Examine starch granules under microscope by using a mixture of equal volumes of glycerol and distilled water.
Result: The potato starch granules appears transparent granules. They are irregularly shaped.
2. Using Iodine solution:
Boil a little amount of starch with water. Cool it. Add iodine solution to it.
Result: The solution changes colour to blue. This indicates the presence of starch.

Question 2.
Study the action of enzyme urease on urea.

Urease is an enzyme which exists in a dimer form. It has two active sites which are highly specific and only bind to urea or hydroxy urea. The active sites of urease contain nickel atoms. Urease catalyzes the hydrolysis of substrate urea into carbon dioxide and ammonia. It attacks the nitrogen and carbon bond in amide compounds and forms alkaline product like ammonia.
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Intext Questions and Answers

Can you recall? (Textbook Page No. 59)

(i) Which are different cell components?

a. The three main components of any cell are: Cell membrane, Cytoplasm, Nucleus.
b. The components present in both plant and animal cells are: Endoplasmic reticulum, ribosomes, golgi apparatus, lysosomes, mitochondria, vacuoles.
c. The components present in plant cell and not in animal cell: Cell wall and plastids.
d. The components present in animal cell and not in plant cell: Cilia and flagella.

(ii) What is the role of each component of cell?

The role of each component of a cell is as follows:
a. Cell membrane: Cell membrane separates the cytoplasmic contents from external environment.
b. Cytoplasm: Site for metabolic activities and organelles.
c. Nucleus: It is the control center of the cell. Genetic material is present in the nucleus.
d. Endoplasmic reticulum: It produces, processes and transports proteins and lipids.
e. Ribosomes: Ribosome is the site for protein synthesis.
f. Golgi apparatus: It is involved in modifying, sorting and packing of proteins for secretion. It also transports lipids around the cell.
g. Lysosomes: It is involved in digestion of worn out organelles and waste removal.
h. Mitochondria: It is responsible for production of energy.
i. Vacuoles: It has various functions like storage, waste disposal, protection and growth.
j. Cell wall: It provides strength and support to the cell.
k. Plastids: They are responsible for production and storage of food. It also contains photosynthetic pigments (Chloroplasts).
l. Cilia and flagella: Help in motility.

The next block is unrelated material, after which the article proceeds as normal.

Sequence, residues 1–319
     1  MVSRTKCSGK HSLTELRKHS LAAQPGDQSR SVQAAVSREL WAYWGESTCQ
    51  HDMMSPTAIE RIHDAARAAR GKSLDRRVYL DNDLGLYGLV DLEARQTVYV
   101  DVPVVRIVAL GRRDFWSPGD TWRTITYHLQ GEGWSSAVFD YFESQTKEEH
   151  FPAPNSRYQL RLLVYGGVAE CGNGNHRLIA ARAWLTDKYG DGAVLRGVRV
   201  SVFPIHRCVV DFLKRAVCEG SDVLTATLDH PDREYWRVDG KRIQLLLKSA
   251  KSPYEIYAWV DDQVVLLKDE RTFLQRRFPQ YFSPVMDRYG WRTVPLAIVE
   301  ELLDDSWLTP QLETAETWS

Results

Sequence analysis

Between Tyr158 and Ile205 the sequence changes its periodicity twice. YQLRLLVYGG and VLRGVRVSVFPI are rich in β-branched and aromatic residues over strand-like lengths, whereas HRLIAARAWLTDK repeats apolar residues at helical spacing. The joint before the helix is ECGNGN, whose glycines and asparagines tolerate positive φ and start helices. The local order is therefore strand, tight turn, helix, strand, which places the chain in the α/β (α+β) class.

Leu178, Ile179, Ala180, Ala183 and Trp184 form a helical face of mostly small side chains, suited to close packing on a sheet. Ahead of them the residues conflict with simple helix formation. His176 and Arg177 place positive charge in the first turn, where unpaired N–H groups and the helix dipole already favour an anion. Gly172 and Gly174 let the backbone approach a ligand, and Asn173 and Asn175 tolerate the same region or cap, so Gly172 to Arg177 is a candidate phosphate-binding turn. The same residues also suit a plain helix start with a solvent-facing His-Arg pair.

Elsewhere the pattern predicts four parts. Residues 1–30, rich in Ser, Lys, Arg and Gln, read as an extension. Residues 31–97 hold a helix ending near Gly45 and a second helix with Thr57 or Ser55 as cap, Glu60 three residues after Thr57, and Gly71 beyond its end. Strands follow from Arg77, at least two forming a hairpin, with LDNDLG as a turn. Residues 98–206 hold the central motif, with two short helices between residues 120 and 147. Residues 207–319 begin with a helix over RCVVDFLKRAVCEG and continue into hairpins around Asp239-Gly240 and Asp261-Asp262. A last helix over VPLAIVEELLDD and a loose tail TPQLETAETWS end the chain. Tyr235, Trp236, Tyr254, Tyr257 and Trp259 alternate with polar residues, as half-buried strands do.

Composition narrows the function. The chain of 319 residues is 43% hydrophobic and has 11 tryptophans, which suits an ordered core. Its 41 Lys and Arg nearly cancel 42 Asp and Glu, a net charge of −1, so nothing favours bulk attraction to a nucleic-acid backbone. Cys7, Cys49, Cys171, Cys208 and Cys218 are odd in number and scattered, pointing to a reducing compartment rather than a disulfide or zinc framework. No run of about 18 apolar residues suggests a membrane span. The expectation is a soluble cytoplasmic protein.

Can you tell? (Textbook Page No. 62)

What are carbohydrates?

  1. The word carbohydrates mean ‘hydrates of carbon’.
  2. They are also called saccharides.
  3. They are biomolecules made from just three elements: carbon, hydrogen and oxygen with the general formula Cx(H20)y.
  4. They contain hydrogen and oxygen in the same ratio as in water (2:1).
  5. Carbohydrates can be broken down (oxidized) to release energy.

Can you tell? (Textbook Page No. 62)

(i) Enlist the natural sources, structural units and functions of the following polysaccharides.
a. Starch
b. Cellulose
c. Glycogen

a. Starch:
1. Natural Sources: Cereals (wheat, maize, rice), root vegetables (potato, cassava etc.)
2. Structural units: Starch consist of two types of molecules – Amylose and amylopectin.
3. Functions: It acts as a reserve food and supply energy.

b. Cellulose:
1. Natural sources: Plant fibers (cotton, flax, hemp, jute, etc.), wood.
2. Structural units: It is made from p glucose molecules.
3. Functions: It in a major component of cell wall. It provides structural support.

c. Glycogen:
1. Natural sources: Fruits, starchy vegetables, whole grain foods.
2. Structural units: It consists of linear chains of glucose residues. The glucose is linked linearly by a (1 → 4) glycosidic bonds and branches are linked to the linear chain by a (1 → 6) glycosidic bonds.
3. Functions: It is stored in liver and muscles and it readily provides energy when the blood glucose level decreases.

(ii) The exoskeleton of insects is made up of chitin. This is a ________.
(A) mucoprotein
(B) lipid
(C) lipoprotein
(D) polysaccharide


(iii) List names of structural polysaccharides.

Arabinoxylans, cellulose, chitin, pectin.

(iv) Write a note on oligosaccharide and glycosidic bond.

a. A carbohydrate polymer comprising of two to six monosaccharide molecules is called oligosaccharide.
b. They are linked together by glycosidic bond.
c. They are classified on the basis of monosaccharide units:
Disaccharides: These are the sugars containing two monosaccharide units and can be further hydrolysed into smaller components. E.g.: Sucrose, maltose, lactose, etc.
Trisaccharides: These contain three monomers. E.g. Raffmose.
Tetrasaccharides: These contain four monomers. E.g.: Stachyose.

Glycosidic bond:
a. Glycosidic bond is a covalent bond that forms a linkage between two monosaccharides by a dehydration reaction.
b. It is formed when a hydroxyl group of one sugar reacts with the anomeric carbon of the other.
c. Glycosidic bonds are readily hydrolyzed by acid but resist cleavage by base.
d. There are two types of glycosidic bonds: a-glycosidic bond and P-glycosidic bond.

Can you tell? (Textbook Page No. 63)

What are lipids? Classify them and give at least one example of each.

Lipids are a group of heterogeneous compounds like fats, oils, steroids, waxes, etc.
They are macro-biomolecules.
These are group of substances with greasy consistency with long hydrocarbon chain containing carbon, hydrogen and oxygen.

Lipids are classified into:
1. Saturated fatty acids: They contain single chain of carbon atoms with single bonds.
E.g. Palmitic acid, stearic acid
2. Unsaturated fatty acids: They contain one or more double bonds between the carbon atoms of the hydrocarbon chain.
a. Simple lipids: These are esters of fatty acids with various alcohols.
E.g. Fats, wax.
b. Compound lipids: These are ester of fatty acids containing other groups like phosphate (Phospholipids), sugar (glycolipids), etc.
E.g. Lecithin
c. Sterols: They are derived lipids. They are composed of fused hydrocarbon rings (steroid nucleus) and a long hydrocarbon side chain.